Pedestrian Caution sign

DelDOT electronic warning sign

"While everyone was hunkering and sheltering in place, we were working like gangbusters out on the roadways."

The Delaware Department of Transportation presented its outlook for the coming Fiscal Year during a Joint Finance Committee's Capital Improvement Committee meeting Wednesday. Secretary Jennifer Cohan said there was no sugarcoating the fact that DelDOT has been just as affected as any organization throughout the novel coronavirus COVID-19 pandemic. 

"We wanted to go over just a few slides, just let you know where the Transportation Trust Fund stands," said Cohan. "During this this trying time with COVID, we did take a pretty large revenue hit as well."

Despite capitalizing on fewer people being on the roads by working hard at a number of different projects, that lack of people means their resources also saw an impact. That there was a mild winter helped, but not nearly enough. 

"We were very lucky," Cohan said. "We've had a non-eventful snow season, we didn't have hardly any. I think we had one episode, that was it. So we were able to use our emergency snowstorm contingency fund to fund the expenses that we experienced with COVID-19."

They found about $700,000 in support from that fund, but the decrease in traffic since the start of the pandemic is going to lead to millions in lost revenue. 

"Traffic was down for the last three months," Cohan said. "At the height, in early April, it was down 50% during the week, and then about 75, or even 80% on the weekends. So that was a significant hit to motor fuel tax, to tolls, to all of our all of our revenue stream. At the most recent [Delaware Economic and Financial Advisory Council meeting], our revenue loss for this current Fiscal Year is $63.1 million, and that grows another $24.7 million as we go into Fiscal Year 2021."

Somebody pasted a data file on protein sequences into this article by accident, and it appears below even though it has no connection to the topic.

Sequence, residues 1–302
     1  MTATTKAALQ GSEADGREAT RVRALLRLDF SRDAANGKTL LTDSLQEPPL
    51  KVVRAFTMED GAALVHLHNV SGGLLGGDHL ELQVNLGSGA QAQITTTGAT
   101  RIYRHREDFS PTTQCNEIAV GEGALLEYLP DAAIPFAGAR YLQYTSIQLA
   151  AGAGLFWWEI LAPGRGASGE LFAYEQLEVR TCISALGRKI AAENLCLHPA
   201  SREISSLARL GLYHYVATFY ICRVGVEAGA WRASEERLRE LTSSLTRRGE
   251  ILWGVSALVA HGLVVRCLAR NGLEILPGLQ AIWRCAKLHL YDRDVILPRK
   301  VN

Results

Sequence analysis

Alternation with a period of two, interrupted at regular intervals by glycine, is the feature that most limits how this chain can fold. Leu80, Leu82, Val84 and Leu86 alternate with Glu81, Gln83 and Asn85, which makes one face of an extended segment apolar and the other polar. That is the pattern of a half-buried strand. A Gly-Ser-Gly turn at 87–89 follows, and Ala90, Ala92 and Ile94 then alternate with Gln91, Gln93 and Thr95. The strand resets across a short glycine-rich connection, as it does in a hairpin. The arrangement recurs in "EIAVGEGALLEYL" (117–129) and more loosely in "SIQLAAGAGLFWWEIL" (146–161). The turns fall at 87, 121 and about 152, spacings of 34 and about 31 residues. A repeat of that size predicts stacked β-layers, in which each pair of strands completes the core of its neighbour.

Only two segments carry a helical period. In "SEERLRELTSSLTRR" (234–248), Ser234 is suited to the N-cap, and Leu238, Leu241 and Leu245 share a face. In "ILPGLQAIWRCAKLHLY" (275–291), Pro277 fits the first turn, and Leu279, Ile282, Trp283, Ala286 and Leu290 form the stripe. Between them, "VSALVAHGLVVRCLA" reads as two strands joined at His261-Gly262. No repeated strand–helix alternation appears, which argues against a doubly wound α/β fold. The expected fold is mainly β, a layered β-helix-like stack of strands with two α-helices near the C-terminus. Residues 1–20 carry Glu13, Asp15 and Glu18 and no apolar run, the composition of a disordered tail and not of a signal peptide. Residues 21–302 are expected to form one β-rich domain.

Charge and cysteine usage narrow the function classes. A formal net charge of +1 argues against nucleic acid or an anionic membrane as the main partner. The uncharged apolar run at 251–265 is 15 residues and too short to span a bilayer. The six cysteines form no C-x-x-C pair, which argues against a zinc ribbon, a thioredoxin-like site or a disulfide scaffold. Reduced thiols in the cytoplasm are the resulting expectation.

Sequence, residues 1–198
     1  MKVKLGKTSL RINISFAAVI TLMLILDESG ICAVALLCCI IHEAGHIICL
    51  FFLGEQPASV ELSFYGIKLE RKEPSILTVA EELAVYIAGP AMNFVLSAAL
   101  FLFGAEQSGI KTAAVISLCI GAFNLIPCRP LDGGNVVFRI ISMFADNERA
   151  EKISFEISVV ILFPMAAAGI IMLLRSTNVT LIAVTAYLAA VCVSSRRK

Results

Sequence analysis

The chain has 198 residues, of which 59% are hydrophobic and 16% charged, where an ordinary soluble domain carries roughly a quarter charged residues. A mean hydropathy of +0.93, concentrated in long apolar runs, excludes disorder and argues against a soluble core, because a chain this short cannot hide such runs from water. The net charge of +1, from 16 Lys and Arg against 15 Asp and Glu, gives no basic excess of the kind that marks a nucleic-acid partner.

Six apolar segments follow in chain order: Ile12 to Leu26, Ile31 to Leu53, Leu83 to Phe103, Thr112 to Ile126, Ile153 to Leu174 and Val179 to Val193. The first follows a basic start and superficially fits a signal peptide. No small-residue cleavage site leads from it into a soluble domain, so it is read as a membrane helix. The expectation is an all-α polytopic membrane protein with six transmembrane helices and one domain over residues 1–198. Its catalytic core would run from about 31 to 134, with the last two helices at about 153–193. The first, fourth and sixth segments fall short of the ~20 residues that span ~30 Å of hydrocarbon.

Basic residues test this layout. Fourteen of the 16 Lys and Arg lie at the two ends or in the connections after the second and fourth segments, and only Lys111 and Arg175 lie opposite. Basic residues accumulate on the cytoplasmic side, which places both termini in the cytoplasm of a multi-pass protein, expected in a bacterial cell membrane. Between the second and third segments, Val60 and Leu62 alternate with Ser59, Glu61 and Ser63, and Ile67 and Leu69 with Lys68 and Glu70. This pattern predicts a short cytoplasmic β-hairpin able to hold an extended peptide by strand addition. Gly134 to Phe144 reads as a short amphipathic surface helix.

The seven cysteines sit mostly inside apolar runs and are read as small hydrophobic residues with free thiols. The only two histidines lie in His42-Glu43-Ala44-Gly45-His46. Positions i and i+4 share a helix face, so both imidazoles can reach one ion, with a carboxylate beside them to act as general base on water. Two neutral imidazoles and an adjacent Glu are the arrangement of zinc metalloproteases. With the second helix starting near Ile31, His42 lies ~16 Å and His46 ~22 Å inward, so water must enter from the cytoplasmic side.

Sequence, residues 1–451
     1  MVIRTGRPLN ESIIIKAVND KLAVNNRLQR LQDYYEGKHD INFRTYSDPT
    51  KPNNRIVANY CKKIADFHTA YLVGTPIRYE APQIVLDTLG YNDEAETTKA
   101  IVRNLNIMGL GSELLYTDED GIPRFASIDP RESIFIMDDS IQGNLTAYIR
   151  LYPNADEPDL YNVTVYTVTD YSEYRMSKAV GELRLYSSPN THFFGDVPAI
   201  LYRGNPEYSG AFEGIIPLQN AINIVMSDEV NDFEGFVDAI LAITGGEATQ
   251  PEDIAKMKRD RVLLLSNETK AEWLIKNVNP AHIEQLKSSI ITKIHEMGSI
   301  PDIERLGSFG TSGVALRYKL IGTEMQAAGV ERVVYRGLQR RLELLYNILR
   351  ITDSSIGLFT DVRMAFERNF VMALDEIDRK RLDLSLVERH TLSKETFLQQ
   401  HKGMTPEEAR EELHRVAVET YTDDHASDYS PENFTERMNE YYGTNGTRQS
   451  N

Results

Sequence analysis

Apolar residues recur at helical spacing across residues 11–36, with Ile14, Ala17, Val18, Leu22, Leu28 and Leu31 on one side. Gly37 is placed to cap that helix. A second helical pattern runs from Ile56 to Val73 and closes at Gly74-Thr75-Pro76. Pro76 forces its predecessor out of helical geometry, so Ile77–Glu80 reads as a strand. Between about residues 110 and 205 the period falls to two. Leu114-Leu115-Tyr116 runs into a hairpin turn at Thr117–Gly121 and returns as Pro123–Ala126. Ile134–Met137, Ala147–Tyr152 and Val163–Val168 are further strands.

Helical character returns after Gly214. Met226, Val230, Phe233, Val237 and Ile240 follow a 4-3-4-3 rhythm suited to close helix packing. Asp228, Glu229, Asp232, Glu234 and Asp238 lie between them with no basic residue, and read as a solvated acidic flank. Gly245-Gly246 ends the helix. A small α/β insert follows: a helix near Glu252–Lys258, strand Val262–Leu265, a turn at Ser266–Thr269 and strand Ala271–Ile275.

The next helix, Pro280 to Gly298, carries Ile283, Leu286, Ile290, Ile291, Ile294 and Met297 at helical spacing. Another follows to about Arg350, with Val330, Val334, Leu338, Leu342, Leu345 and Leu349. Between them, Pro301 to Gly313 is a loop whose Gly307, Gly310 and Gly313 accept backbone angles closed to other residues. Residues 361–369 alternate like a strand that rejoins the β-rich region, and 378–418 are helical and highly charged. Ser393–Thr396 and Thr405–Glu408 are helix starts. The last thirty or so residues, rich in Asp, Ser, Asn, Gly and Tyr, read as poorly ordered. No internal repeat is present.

A major goal for the department is continuing the projects already underway. Construction, outside of medical and food service industries, remained one of the largest continuing industries still providing jobs and propping up the economy. 

"We really want to make sure that we continue to do that continue to keep those jobs in place and those projects moving," Cohan said. "So in the first round of the CARES act, actually, the Federal Transit Administration provided funding for transit agencies across the country. So Delaware's share of that CARES Act funds for transit was $61.2 million...The Transportation Trust Fund subsidizes transit somewhere between $80 and $90 million every year. So what the FTA CARES Act funds allowed us to do is, instead of subsidizing the transportation trust fund dollars, we were able to use those CARES Act funds to fund...almost 18 months."

She said those funds are a shot in the arm, but they're also limited to their single use. 

"That gave us a $50.4 million credit, for lack of a better term, to the Transportation Trust Fund," she said. "That is a one time deal, but there are conversations going on all over the country right now. If transit does come back, what is that going to look like? To put it in context...our paratransit activities were down 85%, our fixed ridership is down significantly, as well, and train service was pretty much gone."

Going out for additional bond sales and analyzing near-future projects for savings only did so much for the next year-and-a-half, and beyond that time-frame had more questions than answers.

"The Fiscal Year '22 to '26 impacts, we just we just don't know right now," she said, adding later, "We're going to see a very reduced paving list as well. Again, borrowing to make ends meet, that's basically what we're doing right keep those construction jobs moving."

Paving, normally where the department would make reductions for cost savings at any given point, has already been reduced by 20% over the prior year, Cohan said.

"There's just nowhere to take [funds] from anymore. Not this year."